By: Montse Andreu

One would think that the so long fought for equality of the sexes should have reached the adequate levels with respect to the chances that women have to succeed in the field of alternative musics. This is not so. And nevertheless, there are women who have devoted part (or all) of their careers to electronic, experimental composition, who have a great deal of talent. The objective of this series is to make some of these names known to the interested readers.

A Norwegian composer born in Bergen in 1947, she studies music at the Bergen Music Conservatory and the University of Oslo. After specializing in musical theory and organ, she gets a Fulbright Grant, which allows her to complete her musical studies in the USA, from 1968 to 1972, at Converse College, Texas Lutheran College, University of Redlands, California and Washington State University. She stays on in the USA after getting her Masters Degree. Upon her return to her country she becomes an orchestra conductor and organist in her home town, and teaches musical theory at Bergen Teacher's Training College and Bergen Music Conservatory. As a composer she works in several multimedia performances, and has composed chamber and church music, mostly on commissioned works. Among these mention must be made of "Chromocumuli" ("Color clouds") for symphonic orchestra, in which the artist reveals the importance that for her color and rhythm have in her compositions. Anotther piece of hers illustrating this ises "(Fragments of) a modern man" (1985), for baritone voice, percussion, synthesizer and tape. On the other hand, Ruth Bakke is interested in improvisation, which she can enjoy in her work as an organist.

A Canadian composer born in 1962, she got her Master of Music from the University of Toronto. Specialized in New Music, she has won the SOCAN National Competition for Young Composers twice. She favors the composition of chamber works, with and without using tape accompaniment. Many of her compositions are specially created for movie soundtracks, television, radio and theatre.

CATHY BARBERIAN (1925 - 1983):
This American singer of Armenian origin specialized in the performing of New Music, besides developing a wide range of research in this field as well as composing several works within this genre for her own voice. She studied music at the University of New York, and later at the Conservatoire Giuseppe Verdi in Milan before her first debut in Naples in 1957. A year later she appears onstage in Rome, at a concert in honor of John Cage, where she performs her "Aria with Fontana Mix". In 1960 she performed for the first time in America, at the Music Festival of Berkshire, with a work by Luciano Berio, "Circles". She would marry him in 1950. Berio composed many of his works for her, like Igor Stravinsky, John Cage, and Silvano Bussoti among others. Cathy Barberian developed a solid educational task at the Kölnische Musikschule, at the University of Vancouver (Canada) and at the Royal Conservatoire of Toronto (Canada), besides many other countries. In 1971, 1973 and 1974 she was awarded the Grammy prizes, besides a Grand Prix du Disque in 1972. Among the works she composed mention must be made of "Tripsody", commissioned by Radio Bremen in 1966, for the Festival of New Music, composed for a series of comic strips by Roberto Zamarin, a work where the artist gives her music to the drawings working in the same way as a sound technician would, yet providing the entire sound for the piece with only her own voice. As an author she also composed several vocal works and chamber pieces, as well as a theatre play, "The Architect and The Emperor of Assyria", which premiered in Paris, based on a text by Fernando Arrabal. Barberian also published an antology of romanzas by other women composers. Her works have been mainly published in Germany.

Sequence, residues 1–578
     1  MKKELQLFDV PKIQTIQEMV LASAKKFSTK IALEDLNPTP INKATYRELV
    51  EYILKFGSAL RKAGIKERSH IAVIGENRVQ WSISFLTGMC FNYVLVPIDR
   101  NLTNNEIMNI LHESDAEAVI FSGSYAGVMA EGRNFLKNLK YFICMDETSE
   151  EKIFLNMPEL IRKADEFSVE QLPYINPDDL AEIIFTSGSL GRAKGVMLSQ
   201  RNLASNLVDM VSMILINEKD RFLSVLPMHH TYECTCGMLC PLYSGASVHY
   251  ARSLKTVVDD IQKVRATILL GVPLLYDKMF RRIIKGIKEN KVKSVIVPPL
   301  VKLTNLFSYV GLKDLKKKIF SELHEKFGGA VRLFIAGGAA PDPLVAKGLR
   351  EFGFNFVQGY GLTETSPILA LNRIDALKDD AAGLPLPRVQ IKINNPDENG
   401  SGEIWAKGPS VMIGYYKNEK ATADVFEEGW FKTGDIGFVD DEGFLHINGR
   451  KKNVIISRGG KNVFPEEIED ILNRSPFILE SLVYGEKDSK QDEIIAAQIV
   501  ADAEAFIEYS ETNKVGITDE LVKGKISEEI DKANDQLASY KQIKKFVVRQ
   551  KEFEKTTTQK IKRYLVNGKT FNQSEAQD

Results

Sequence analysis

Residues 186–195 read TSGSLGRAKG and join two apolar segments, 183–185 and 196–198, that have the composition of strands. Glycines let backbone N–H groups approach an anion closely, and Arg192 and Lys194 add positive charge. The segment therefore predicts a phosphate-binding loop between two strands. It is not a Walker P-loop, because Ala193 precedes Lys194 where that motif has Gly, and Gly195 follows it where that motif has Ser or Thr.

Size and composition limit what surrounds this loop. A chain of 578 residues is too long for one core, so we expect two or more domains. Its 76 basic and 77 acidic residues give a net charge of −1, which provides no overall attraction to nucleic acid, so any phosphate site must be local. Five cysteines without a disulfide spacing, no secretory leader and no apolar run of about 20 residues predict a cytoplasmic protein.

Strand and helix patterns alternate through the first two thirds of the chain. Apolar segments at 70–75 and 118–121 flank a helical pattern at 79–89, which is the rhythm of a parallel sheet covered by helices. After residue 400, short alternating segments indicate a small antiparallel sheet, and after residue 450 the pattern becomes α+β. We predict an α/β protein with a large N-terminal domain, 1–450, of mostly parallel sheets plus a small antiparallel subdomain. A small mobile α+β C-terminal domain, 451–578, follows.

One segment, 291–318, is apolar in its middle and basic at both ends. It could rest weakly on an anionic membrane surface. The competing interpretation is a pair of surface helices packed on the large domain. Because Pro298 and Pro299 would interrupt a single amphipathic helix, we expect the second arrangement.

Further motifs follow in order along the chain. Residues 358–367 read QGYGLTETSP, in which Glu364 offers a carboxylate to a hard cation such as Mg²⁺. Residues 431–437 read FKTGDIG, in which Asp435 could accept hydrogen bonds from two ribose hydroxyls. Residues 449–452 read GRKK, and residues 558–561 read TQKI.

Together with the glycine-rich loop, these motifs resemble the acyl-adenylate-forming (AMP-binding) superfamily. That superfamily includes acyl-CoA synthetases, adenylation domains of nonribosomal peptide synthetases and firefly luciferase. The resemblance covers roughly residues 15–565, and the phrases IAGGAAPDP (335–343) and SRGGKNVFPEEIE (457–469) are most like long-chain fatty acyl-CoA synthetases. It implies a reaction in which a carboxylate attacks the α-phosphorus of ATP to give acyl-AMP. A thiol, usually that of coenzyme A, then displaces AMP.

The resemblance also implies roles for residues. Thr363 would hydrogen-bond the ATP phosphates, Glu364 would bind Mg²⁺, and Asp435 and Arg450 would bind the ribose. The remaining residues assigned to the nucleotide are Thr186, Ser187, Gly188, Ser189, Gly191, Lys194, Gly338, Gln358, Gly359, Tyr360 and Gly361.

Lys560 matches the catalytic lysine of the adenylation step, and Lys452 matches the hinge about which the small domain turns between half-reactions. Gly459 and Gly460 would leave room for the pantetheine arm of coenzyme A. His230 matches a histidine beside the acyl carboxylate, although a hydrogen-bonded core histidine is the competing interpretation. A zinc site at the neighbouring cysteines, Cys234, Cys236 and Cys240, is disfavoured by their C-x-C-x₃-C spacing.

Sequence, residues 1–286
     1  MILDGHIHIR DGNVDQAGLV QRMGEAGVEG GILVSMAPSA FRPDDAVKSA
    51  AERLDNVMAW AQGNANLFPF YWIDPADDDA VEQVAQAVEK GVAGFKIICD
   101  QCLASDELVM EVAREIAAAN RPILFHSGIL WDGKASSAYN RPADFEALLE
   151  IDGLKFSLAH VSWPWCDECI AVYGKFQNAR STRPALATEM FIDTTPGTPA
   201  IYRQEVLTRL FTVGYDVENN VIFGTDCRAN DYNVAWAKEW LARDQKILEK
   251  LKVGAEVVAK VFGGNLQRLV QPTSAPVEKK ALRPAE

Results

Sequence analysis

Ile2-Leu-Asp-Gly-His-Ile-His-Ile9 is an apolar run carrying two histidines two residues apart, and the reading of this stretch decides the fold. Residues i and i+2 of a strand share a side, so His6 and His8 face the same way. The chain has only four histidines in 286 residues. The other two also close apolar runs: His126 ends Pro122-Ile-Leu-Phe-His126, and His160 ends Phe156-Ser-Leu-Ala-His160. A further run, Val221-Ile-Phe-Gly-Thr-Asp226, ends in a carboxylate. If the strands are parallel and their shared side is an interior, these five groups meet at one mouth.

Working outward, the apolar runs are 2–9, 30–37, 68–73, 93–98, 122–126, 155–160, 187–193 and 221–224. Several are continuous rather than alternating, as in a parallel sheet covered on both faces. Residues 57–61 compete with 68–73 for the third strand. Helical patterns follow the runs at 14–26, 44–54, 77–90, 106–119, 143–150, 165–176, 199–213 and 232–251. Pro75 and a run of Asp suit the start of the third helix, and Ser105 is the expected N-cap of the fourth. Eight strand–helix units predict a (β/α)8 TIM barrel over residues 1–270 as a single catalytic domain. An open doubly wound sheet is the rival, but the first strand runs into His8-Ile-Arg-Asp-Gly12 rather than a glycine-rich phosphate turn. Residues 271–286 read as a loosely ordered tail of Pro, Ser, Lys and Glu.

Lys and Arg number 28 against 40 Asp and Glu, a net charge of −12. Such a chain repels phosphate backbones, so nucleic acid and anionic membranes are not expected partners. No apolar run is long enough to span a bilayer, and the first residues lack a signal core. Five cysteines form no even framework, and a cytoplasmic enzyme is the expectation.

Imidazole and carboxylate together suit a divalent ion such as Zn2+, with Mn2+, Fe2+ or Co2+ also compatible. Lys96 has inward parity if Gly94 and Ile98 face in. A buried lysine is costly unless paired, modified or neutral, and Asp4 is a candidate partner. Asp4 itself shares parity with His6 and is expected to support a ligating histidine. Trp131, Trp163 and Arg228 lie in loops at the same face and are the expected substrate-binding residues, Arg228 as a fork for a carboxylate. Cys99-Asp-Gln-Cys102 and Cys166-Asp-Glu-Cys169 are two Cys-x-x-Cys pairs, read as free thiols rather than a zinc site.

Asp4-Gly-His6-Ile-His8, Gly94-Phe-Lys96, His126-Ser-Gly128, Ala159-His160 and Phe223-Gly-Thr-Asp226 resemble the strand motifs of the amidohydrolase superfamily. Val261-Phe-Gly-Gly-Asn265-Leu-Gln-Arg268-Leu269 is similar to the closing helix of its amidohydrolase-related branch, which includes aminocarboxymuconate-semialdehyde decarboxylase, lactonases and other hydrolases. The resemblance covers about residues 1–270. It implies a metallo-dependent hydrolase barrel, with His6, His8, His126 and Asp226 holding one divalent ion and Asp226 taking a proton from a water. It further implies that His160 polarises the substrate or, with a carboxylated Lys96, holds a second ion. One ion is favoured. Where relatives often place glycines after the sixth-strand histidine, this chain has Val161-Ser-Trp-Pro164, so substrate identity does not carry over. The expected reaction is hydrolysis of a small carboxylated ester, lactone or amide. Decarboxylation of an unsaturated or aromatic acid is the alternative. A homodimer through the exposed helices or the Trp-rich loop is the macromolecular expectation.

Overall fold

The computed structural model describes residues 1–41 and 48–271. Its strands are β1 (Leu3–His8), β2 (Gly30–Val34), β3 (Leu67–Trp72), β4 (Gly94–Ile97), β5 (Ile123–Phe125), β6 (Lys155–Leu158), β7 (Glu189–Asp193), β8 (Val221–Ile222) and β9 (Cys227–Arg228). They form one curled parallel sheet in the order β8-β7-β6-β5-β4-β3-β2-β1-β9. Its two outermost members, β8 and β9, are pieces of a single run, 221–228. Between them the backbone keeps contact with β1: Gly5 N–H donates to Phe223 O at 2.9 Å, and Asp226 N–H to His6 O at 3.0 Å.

This Canadian composer born in 1951 has revealed herself as a great advocate of electroacoustic music. Having received the Eric Award of McGill University, she has also been given several grants of the Canada Council, which has allowed her to develop her creativity in this field in further depth. Her works have been broadcast by the CBC, Radio-Canada, as well as several community stations throughout North America. Among these, she has compositions for chamber ensemble, the electroacoustic medium, movie soundtracks, multimedia productions, dance and video. Among other works, she has released a CD, Claire-voie, under the label Empreintes Digitales, from Canada. This album makes a remarkable use of subtle electronic sounds of an abstract nature in which the author intertwines distant waves of sound, moans, wails and shrieks of a female voice.



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